By the way…
Coconuts are an amazing food. All parts of the coconut are so healthy for you from the coconut water (the latest health fad in the US), to the coconut meat, to coconut oil. If you google just about any ailment and “coconut oil” you’ll come up with claims that coconut oil can heal the problem. Seriously. There must be some truth to it!
How about you? Have you tried any street food in India? Are you nervous about it or do you just close your eyes and go with it? Ever heard about the health benefits of coconuts? Do tell!
We’re home! We had a month-long holiday and visited 4 different countries including India, France, Belgium & The Netherlands. There is so much to catch up on!
Here’s a start:
- We toured through 6 different cities in India with 12 family members. Even with tons of advance planning, it was a logistical nightmare! Husband and his older brother were both stressing to keep everything flowing smoothly.
- Miss A was the center of attention, since it was the first time she was meeting most of our Indian family.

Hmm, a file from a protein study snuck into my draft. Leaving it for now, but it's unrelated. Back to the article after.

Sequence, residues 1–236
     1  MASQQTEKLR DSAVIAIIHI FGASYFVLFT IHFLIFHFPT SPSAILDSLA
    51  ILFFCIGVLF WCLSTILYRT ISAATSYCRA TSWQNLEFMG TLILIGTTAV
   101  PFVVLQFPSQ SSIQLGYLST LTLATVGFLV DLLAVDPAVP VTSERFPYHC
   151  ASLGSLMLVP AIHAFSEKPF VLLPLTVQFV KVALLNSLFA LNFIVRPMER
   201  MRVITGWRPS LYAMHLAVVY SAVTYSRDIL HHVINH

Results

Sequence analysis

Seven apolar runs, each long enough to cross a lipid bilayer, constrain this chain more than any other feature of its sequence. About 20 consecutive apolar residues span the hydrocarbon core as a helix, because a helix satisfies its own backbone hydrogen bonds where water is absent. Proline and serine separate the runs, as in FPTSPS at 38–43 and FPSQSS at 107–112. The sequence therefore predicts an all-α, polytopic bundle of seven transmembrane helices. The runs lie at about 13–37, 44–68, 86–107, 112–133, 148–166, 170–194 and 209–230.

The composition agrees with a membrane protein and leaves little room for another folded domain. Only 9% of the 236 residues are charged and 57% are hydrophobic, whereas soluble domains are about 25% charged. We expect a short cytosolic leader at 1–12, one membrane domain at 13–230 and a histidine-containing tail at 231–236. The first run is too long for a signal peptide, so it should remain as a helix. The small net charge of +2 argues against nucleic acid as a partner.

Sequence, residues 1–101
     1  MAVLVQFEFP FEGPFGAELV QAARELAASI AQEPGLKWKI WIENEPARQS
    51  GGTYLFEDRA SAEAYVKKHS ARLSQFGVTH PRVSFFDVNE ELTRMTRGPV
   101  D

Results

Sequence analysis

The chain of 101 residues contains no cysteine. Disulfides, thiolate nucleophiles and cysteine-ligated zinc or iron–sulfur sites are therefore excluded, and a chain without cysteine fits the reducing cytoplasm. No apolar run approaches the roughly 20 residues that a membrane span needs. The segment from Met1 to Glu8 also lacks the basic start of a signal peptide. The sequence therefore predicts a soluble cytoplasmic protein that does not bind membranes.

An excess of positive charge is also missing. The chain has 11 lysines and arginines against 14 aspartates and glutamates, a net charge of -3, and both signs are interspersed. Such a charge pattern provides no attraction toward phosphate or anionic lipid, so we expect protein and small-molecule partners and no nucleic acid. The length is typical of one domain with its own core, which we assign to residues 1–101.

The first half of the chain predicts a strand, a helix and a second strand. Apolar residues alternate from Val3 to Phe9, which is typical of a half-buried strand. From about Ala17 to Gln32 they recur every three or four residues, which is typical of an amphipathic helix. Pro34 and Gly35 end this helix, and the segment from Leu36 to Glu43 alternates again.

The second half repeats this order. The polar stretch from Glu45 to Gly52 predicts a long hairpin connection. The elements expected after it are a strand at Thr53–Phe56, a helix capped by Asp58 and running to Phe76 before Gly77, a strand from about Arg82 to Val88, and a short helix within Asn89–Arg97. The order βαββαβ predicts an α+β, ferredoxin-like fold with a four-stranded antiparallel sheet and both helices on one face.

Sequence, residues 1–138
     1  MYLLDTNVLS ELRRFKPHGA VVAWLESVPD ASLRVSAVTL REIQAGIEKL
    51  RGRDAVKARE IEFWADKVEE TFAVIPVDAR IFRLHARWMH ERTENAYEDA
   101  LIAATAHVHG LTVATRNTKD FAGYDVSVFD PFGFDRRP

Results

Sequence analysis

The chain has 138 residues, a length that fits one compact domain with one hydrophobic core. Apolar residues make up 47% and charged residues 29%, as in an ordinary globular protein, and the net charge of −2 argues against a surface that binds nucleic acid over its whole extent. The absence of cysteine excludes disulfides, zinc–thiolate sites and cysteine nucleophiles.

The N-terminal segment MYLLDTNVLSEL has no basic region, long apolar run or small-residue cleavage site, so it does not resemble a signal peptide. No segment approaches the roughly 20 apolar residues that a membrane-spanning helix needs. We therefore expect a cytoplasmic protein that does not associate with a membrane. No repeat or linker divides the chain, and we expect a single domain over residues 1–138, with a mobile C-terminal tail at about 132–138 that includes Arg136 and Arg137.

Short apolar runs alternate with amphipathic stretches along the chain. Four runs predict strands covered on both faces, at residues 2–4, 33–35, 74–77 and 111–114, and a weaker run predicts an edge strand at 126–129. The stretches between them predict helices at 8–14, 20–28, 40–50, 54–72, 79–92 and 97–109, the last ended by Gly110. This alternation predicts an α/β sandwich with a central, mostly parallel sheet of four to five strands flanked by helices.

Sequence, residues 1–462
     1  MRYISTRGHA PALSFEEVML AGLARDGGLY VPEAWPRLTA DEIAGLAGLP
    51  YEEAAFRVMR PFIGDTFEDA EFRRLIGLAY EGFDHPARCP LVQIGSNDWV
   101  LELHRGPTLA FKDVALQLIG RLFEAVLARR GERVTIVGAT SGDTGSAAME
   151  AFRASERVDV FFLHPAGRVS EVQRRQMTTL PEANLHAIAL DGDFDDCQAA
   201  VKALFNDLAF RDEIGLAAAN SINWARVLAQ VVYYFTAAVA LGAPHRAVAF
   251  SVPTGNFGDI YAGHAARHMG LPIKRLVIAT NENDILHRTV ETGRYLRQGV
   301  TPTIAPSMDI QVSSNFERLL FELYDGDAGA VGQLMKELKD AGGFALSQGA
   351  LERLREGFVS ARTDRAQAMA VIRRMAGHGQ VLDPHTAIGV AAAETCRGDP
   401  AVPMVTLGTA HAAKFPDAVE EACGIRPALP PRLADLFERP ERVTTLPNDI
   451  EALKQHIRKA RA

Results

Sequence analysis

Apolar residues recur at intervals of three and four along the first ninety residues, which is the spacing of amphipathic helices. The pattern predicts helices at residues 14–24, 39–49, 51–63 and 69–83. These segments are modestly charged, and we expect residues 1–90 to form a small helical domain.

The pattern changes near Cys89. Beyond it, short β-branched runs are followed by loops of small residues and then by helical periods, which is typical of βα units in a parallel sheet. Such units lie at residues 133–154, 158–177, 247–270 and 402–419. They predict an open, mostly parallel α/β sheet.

- We were stopped by random people so they could take photos of Miss A. She especially got lots of attention when she was riding in her red baby carrier backpack (pictured above).
- We highly recommend a baby carrier as opposed to a stroller when traveling to India. Much more convenient.
- We had mostly good health while traveling. Miss A came down with something the morning we left for India. She ran a fever for a couple of days and had a cough and runny nose, but it took care of itself within a few days and she was perfectly fine the rest of the trip.